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Grand Opera House
Life Span: 1872-1958
Location: 119 North Clark Street, Between Washington and Randolph streets
Architect: Adler, Dankmar, & Co., Adler and Sullivan [1880 interior remodeling and addition]
THE GRAND OPERA HOUSE, OF CHICAGO, is built upon the original site of Bryan Hall and Hooley’s Opera House. J. A. Hamlin and brother (L. B. Hamlin) purchased the property in January, 1872, and erected the first building that was completed upon that block after the fire. In 1873, Hamlin Brothers built upon the rear lot what was subsequently known as Foley’s Billiard Hall, which was at the time the largest billiard hall in the world, containing thirty tables on one floor. In 1874, the billiard hall property passed out of the hands of Mr. Foley into the hands of Hamlin Bros., and the billiard business was discontinued after a few months and the hall re-constructed, with an additional building added to the east end, and for some two years was occupied as a garden, after the style of Gilmore’s Garden of New York, with fountains, waterfalls, vocal and instrumental music, and all kinds of refreshments.
Subsequently the garden, by degrees, was changed to a vaudeville theater, and was continued as such until 1878, when it was again re-constructed as a regular theater, and opened in September, 1878, under the name of Hamlins’ Theater. About that time the property passed out of the hands of Hamlin Bros: into those of William C. Reynolds, who sold it to John Borden in 1880. John Borden shortly afterward sold the property to his son, William Borden, who re-constructed the theater at an additional expense of about $55,000, and it was opened on 6 September 1880, under the name of the Grand Opera House, and under the management of John A. Hamlin. The lot upon which the Grand Opera House buildings are erected contains about thirteen thousand two hundred square feet of ground.
The history of the location as a place of amusement, commencing with the original Bryan Hall, away back in the fifties, and running through all its various changes, is one of almost continuous success, rhe original Bryan Hall being for many years one of the most popular amusement resorts in the city. The Grand Opera House was opened with Hoey & Hardy’s Company, in an adaptation of the play “A Child of the State,” followed by Tom Keene, in a Shakesperian repertory, Nat. Goodwin, Emma Abbott Opera Company, Boston Ideal Opera Company, etc., etc. .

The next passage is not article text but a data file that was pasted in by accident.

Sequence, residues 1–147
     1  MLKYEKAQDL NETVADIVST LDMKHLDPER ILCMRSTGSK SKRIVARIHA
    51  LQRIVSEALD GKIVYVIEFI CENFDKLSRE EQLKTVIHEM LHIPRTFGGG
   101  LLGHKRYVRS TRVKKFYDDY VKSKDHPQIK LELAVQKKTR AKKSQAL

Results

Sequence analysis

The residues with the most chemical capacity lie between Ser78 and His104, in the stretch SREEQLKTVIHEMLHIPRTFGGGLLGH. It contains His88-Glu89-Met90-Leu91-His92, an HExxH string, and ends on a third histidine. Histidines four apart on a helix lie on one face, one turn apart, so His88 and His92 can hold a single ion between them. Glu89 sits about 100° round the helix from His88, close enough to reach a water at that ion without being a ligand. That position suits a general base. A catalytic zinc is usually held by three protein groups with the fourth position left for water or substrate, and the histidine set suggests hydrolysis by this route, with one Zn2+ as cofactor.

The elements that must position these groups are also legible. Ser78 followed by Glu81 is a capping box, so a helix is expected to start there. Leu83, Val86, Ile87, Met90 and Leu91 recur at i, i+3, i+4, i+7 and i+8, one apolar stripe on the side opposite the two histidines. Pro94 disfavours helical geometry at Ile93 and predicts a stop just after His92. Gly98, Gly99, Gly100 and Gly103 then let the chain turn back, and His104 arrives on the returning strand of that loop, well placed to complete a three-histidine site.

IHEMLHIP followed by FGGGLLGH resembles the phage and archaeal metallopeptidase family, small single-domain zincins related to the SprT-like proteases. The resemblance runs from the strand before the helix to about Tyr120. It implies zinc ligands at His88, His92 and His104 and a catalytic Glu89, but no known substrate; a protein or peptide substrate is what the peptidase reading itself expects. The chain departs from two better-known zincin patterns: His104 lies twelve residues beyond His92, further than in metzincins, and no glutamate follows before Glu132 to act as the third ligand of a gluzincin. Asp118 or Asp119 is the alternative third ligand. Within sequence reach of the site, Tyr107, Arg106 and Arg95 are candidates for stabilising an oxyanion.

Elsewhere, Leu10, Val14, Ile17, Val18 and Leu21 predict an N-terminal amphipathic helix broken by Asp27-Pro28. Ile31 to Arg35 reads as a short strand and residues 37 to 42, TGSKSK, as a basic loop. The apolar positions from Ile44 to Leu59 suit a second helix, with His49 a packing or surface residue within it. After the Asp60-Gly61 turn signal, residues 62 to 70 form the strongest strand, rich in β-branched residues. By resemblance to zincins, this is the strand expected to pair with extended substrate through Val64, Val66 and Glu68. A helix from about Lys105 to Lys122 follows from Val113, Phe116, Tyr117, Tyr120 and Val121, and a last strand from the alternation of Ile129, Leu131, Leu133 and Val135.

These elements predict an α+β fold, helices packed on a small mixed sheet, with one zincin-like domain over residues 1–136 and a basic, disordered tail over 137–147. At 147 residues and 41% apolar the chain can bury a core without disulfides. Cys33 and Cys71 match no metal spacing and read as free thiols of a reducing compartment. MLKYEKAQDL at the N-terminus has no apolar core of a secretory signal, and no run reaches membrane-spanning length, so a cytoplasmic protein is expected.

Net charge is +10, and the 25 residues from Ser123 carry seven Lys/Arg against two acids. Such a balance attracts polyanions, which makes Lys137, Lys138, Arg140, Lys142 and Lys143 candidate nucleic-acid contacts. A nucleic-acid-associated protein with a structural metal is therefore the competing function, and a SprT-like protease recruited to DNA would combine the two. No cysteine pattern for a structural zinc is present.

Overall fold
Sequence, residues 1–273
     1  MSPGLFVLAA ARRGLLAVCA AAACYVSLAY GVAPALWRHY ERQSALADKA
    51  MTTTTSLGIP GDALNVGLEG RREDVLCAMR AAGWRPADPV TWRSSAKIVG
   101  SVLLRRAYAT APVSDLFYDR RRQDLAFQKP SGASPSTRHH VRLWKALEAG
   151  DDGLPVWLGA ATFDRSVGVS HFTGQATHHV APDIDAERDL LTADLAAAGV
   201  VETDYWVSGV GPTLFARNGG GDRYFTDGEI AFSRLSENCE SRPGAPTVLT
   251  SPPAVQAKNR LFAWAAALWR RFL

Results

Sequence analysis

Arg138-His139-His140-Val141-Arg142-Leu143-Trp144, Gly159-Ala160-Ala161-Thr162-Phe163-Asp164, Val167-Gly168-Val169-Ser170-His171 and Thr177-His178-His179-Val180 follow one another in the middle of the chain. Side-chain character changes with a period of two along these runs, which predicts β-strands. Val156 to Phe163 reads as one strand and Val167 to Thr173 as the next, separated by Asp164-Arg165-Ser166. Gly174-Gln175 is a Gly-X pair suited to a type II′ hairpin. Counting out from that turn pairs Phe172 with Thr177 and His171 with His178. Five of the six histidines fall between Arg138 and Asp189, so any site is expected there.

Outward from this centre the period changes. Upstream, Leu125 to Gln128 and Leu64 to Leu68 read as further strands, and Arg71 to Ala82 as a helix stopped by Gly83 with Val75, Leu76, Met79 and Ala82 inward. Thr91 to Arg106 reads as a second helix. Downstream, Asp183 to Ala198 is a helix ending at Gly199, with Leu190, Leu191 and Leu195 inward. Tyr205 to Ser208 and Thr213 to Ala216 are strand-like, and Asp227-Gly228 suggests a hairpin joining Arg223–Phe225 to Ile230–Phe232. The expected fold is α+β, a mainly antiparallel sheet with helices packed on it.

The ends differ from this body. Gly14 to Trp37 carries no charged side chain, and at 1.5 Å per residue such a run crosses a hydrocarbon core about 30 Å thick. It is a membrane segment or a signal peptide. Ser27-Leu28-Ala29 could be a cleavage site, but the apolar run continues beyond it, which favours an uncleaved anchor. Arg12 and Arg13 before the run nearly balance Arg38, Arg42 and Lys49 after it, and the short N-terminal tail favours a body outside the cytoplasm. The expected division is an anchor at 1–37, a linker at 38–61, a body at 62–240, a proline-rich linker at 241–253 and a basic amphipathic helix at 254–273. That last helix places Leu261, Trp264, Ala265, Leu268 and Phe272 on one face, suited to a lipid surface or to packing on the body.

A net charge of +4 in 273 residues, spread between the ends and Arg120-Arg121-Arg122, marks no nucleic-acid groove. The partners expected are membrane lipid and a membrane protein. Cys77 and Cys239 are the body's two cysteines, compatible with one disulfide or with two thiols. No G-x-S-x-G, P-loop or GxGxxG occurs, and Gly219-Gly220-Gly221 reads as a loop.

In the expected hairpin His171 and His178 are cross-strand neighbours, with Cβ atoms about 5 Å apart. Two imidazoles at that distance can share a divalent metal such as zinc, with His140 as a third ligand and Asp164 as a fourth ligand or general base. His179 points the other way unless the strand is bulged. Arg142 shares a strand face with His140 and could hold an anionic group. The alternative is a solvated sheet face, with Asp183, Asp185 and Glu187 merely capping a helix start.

It was the scene of the first production of two huge hit musicals aimed at children. In June 1902, the original production of The Wizard of Oz had its premier there. One year later, in June 1903, came the premiere of Victor Herbert’s Babes in Toyland.
The Grand Opera House was built as a legitimate theatre and had seating for 1,750 in an orchestra, balcony and gallery. The interior was lit by gas and described by the Chicago Daily Tribune as having “the beautiful blending of rich colors and the graceful elegance of the designs charms the eye at every point”.
In 1912 George M. Cohan and his partner Sam H. Harris leased the theatre, on March 3, the renamed Geo. M. Cohan’s Grand Opera House opened its doors. In 1926 the façade and auditorium were reconstructed by Andrew Rebori, and reopened as the Four Cohans. Later the Shuberts took over and the theatre became the Shubert Grand Opera House, it then returned to its original name Grand Opera House. When live theatre left and films came in the theatre was renamed the RKO Grand. In March 1958 the RKO Grand showed its last film and was demolished a month later. The Chicago Civic Center (renamed the Richard J. Daley Center in 1976) was later constructed on the site.
Among the stars who played the Grand Opera House, over the years, were Lionel Barrymore, Arthur Byron, Mady Christians, George M. Cohan, Constance Collier, Katharine Cornell, Dudley Digges, Robert Edeson, Leon Errol, Douglas Fairbanks, Walter Hampden, Miriam Hopkins, Allan Jones, Bert Lahr, Eva Le Gallienne, Canada Lee, the Marx Brothers, Chester Morris, Mildred Natwick, Effie Shannon, and Ethel Waters.
LEFT: Hamlin Grand Opera House, as rebuilt in 1880
RIGHT: Hamlin Grand Opera House, September 1900
New York Dramatic Mirror, 25 September 1900:
Last week we were entertained by two of the funniest men on earth, and one of them is still with us. His name is Frank Daniels and this is his seeond week at the Grand Opera House in The Ameer.
Hamlin Grand Opera House